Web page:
Can web-based treatment of residual depressive symptoms lead to incremental benefits for adults when added to usual depression care?
In this randomized clinical trial of 460 participants with residual depressive symptoms, those who received an online version of mindfulness-based cognitive therapy in addition to usual care had greater reductions in depressive and anxiety symptoms, higher rates of remission, and higher levels of quality of life compared with participants who received usual care only.
The findings support the value of online mindfulness-based cognitive therapy as an adjunctive, scalable approach for the management of residual depressive symptoms.
Patients with residual depressive symptoms face a gap in care because few resources, to date, are available to manage the lingering effects of their illness.
To evaluate the effectiveness for treating residual depressive symptoms with Mindful Mood Balance (MMB), a web-based application that delivers mindfulness-based cognitive therapy, plus usual depression care compared with usual depression care only.
Design, Setting, and Participants
This randomized clinical trial was conducted in primary care and behavioral health clinics at Kaiser Permanente Colorado, Denver. Adults identified with residual depressive symptoms were recruited between March 2, 2015, and November 30, 2018. Outcomes were assessed for a 15-month period, comprising a 3-month intervention interval and a 12-month follow-up period.
Patients were randomized to receive usual depression care (UDC; n = 230) or MMB plus UDC (n = 230), which included 8 sessions delivered online for a 3-month interval plus minimal phone or email coaching support.
Main Outcomes and Measures
Primary outcomes were reduction in residual depressive symptom severity, assessed using the Patient Health Questionaire-9 (PHQ-9); rates of depressive relapse (PHQ-9 scores ≥15); and rates of remission (PHQ-9 scores <5). Secondary outcomes included depression-free days, anxiety symptoms (General Anxiety Disorder–7 Item Scale), and functional status (12-Item Short Form Survey).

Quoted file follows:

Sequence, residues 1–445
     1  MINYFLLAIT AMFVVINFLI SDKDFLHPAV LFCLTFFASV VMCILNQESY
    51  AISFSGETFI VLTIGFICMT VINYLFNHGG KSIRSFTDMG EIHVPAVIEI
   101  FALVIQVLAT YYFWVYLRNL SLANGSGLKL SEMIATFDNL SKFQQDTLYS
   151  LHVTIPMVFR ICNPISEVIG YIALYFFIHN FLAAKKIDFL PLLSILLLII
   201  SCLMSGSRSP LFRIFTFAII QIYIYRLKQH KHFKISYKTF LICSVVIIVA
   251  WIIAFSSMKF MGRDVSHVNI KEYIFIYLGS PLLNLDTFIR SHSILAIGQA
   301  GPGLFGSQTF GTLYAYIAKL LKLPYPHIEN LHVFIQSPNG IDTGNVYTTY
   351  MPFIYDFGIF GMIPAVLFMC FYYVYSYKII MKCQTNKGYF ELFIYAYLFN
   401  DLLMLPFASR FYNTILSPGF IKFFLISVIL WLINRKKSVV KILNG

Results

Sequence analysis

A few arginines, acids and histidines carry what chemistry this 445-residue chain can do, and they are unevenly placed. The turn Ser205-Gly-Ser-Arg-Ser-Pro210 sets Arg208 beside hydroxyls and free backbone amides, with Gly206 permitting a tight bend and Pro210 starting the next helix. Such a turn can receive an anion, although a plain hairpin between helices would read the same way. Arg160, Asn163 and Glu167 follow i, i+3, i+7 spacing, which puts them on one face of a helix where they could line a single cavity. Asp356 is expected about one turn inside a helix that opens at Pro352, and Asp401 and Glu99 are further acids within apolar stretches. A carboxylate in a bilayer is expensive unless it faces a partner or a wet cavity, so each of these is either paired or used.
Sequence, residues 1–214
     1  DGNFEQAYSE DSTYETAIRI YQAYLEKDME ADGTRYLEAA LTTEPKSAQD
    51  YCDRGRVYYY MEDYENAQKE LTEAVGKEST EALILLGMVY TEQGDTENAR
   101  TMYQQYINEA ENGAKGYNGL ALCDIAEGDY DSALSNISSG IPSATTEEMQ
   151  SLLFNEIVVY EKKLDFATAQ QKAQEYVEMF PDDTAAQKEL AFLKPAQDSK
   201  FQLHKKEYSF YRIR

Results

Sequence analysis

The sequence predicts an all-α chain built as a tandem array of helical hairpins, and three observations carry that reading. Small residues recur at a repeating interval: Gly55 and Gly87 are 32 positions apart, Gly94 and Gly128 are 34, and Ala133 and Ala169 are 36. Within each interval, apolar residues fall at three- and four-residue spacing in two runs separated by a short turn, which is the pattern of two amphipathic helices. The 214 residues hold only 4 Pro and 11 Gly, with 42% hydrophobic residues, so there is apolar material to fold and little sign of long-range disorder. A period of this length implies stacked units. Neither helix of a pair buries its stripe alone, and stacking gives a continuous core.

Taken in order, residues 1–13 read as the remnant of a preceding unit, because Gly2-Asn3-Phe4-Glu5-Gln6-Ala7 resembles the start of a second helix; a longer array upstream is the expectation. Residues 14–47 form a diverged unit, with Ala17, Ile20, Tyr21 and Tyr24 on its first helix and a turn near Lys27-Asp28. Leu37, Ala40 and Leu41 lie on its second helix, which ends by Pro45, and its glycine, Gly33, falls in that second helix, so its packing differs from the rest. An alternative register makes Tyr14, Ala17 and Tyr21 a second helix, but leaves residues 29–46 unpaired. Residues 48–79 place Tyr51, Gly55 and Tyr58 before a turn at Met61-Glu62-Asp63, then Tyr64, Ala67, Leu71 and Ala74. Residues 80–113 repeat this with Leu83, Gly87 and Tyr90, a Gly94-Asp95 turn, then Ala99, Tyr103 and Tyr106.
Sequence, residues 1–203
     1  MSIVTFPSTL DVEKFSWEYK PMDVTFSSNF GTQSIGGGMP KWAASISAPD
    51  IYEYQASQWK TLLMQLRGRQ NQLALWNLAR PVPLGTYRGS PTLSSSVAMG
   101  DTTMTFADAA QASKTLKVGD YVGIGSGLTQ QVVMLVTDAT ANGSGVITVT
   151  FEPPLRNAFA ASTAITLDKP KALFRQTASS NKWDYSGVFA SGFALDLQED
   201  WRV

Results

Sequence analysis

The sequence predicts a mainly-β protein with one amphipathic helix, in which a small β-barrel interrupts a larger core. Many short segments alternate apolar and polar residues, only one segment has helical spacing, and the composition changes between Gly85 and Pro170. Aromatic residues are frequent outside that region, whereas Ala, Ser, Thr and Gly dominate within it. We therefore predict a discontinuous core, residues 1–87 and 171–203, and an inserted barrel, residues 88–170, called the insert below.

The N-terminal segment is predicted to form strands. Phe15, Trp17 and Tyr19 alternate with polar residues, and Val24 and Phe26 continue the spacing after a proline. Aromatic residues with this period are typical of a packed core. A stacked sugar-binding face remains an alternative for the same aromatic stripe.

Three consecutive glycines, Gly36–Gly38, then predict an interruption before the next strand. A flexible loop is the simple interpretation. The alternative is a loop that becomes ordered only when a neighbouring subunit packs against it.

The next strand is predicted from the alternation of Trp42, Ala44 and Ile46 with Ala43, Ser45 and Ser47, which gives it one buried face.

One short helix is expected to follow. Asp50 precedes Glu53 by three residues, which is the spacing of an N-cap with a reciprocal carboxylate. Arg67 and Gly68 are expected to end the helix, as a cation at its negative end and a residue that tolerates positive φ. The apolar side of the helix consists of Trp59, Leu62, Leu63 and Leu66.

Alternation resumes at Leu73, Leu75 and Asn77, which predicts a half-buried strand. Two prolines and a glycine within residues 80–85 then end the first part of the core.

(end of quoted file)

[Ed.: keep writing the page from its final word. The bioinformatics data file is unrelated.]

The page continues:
Among 460 randomized participants (mean [SD] age, 48.30 [14.89] years; 346 women [75.6%]), data were analyzed for the intent-to-treat sample, which included 362 participants (78.7%) at 3 months and 330 (71.7%) at 15 months. Participants who received MMB plus UDC had significantly greater reductions in residual depressive symptoms than did those receiving UDC only (mean [SE] PHQ-9 score, 0.95 [0.39], P < .02). A significantly greater proportion of patients achieved remission in the MMB plus UDC group compared with the UDC only group (PHQ-9 score, <5: β [SE], 0.38 [0.14], P = .008), and rates of depressive relapse were significantly lower in the MMB plus UDC group compared with the UDC only group (hazard ratio, 0.61; 95% CI, 0.39-0.95; P < .03). Compared with the UDC only group, the MMB plus UDC group had decreased depression-free days (mean [SD], 281.14 [164.99] days vs 247.54 [158.32] days; difference, −33.60 [154.14] days; t = −2.33; P = .02), decreased anxiety (mean [SE] General Anxiety Disorder–7 Item Scale score, 1.21 [0.42], P = .004), and improved mental functioning (mean [SE] 12-Item Short Form Survey score, −5.10 [1.37], P < .001), but there was no statistically significant difference in physical functioning.
Conclusions and Relevance
Use of MMB plus UDC resulted in significant improvement in depression and functional outcomes compared with UDC only. The MMB web-based treatment may offer a scalable approach for the management of residual depressive symptoms.
ClinicalTrials.gov identifier: NCT02190968
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Segal ZV, Dimidjian S, Beck A, et al. Outcomes of Online Mindfulness-Based Cognitive Therapy for Patients With Residual Depressive Symptoms: A Randomized Clinical Trial. JAMA Psychiatry. Published online January 29, 2020. doi:10.1001/jamapsychiatry.2019.4693
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